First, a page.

As a child I was obsessed with life’s great questions. Why are we here? What is our purpose? There are no concrete answers. Mankind looks to the heavens to fill a void that knowledge cannot traverse. Herein lays the basis of all religion.
I was eight years old when I asked my devoutly catholic grandmother what became of the souls who did not know of Jesus. After all, Christianity had only been around for two thousand years. Surely there were pious men and women who lived before Christ. Should they all be sent to hell for not worshipping a God they’d never met?
She struggled with an answer, but assured me that good people always go to heaven regardless of their beliefs. I should note that my preciousness did not make me her favorite grandchild. Faith requires absolute certainty. Believers do not like to be confronted with issues that require flexibility.
When I grew older I learned as much as I could about the different religions of the world. I am not an expert on any of them. I have a passing knowledge not a scholarly degree. What I have been able to gather is that at some very basic points they all preach the same thing and hold the same purpose.
Since the dawn of time religion has been mythology, nationalism, and codified law. We use the stories to explain away our fears and weave elaborate fables about our origins. We identify ourselves by our beliefs as separate from other people. We use it as the basis for how we treat each other and behave in an organized society.
Religion is a concept created by humans, derived to fulfill human need. As such it cannot help but be corrupted by human pettiness. For the same reasons my grandmother would not attend my uncle’s wedding to a Baptist, wars have been fought, people have been subjugated, and tyranny has been allowed to fester.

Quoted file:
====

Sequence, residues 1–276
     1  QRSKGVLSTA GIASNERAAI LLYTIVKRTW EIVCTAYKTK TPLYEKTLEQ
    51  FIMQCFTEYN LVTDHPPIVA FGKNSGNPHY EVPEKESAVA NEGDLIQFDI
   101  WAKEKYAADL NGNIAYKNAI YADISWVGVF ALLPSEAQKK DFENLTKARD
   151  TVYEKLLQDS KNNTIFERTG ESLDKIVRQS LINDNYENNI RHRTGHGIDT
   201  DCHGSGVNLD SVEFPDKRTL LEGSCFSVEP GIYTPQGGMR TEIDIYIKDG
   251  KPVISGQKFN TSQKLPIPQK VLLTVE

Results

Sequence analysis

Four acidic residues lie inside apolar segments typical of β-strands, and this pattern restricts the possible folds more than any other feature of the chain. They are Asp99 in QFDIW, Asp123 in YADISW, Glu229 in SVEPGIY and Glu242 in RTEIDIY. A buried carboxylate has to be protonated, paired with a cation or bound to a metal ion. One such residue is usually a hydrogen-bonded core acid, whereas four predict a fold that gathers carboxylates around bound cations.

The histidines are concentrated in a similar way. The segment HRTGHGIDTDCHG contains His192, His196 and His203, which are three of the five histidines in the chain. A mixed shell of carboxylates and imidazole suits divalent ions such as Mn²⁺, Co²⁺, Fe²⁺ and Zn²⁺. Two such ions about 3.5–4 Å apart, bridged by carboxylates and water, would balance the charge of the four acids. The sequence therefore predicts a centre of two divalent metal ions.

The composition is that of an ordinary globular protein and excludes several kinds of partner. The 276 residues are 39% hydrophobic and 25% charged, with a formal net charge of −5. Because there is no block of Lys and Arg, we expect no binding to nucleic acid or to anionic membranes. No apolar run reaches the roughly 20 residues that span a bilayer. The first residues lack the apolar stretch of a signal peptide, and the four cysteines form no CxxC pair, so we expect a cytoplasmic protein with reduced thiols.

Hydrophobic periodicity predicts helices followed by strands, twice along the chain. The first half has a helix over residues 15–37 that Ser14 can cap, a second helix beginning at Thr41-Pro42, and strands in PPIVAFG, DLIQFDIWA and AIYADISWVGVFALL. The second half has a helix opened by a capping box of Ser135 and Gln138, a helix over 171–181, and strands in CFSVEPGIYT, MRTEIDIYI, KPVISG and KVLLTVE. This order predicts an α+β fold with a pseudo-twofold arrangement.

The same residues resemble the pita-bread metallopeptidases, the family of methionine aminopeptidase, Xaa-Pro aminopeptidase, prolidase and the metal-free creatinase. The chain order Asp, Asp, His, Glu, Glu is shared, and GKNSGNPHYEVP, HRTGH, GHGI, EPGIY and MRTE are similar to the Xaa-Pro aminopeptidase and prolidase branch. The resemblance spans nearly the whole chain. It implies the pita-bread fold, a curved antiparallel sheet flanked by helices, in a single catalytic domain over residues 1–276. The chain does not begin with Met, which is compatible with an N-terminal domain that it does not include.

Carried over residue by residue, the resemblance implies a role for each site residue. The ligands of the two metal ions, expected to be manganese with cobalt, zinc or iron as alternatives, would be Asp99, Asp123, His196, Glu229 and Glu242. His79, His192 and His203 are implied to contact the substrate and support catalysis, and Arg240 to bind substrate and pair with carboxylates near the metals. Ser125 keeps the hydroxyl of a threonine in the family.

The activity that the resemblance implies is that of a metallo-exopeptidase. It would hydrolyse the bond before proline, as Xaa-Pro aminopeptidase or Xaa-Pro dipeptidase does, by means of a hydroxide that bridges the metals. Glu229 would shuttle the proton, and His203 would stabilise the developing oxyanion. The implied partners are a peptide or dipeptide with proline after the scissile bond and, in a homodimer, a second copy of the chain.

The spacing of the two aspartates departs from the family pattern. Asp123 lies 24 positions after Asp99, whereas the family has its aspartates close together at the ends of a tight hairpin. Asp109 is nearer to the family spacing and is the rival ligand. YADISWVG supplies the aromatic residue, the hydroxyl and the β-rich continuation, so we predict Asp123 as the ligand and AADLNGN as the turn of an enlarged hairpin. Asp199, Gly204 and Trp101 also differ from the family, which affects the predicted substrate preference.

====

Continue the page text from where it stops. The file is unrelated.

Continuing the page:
This is why am convinced that all religion is baseless and all Gods are false as we know them. This is not to say that I do not have a moral compass and cannot differentiate between right and wrong. I take these things very seriously. The difference is that I do not honor justice because I fear for my soul. I do so because the concept of justice is the most noble of all human inventions. If I have a religion then it is based in the value of humanity.
If there is a God and there is a heaven, I do not know what they are. If my soul is in danger of being put on trial I cannot conceive of a judge. What I do know is that in this world of living people my actions carry weight and provide consequences. I am beholden to my fellow people to behave in a righteous manner. In a world where we are so close as to one another that even geography is not an obstacle the idea that all lives our intertwined and we live for the benefit of each other is not fantasy.
There is however great merit in these fables, even if in practice their spirituality is waning. Judaism is a chronicle of perseverance. Christianity provides us with the golden rule. Islam teaches structure. Hinduism is a quest for moral certainty. Buddhism seeks personal enlightenment. Each of these concepts is valid and none should be in contrast with another. They stand as a testament to the greatness of the human species.
I believe that for us to survive on this planet we must embrace the fact that none of us know what is the true religion. We cannot afford to be resolute about that for which we are all of us unsure. There is no man or woman alive who knows with any certitude what lies beyond the veil of life. Therefore, we should worship the life we know is real and find merit within it.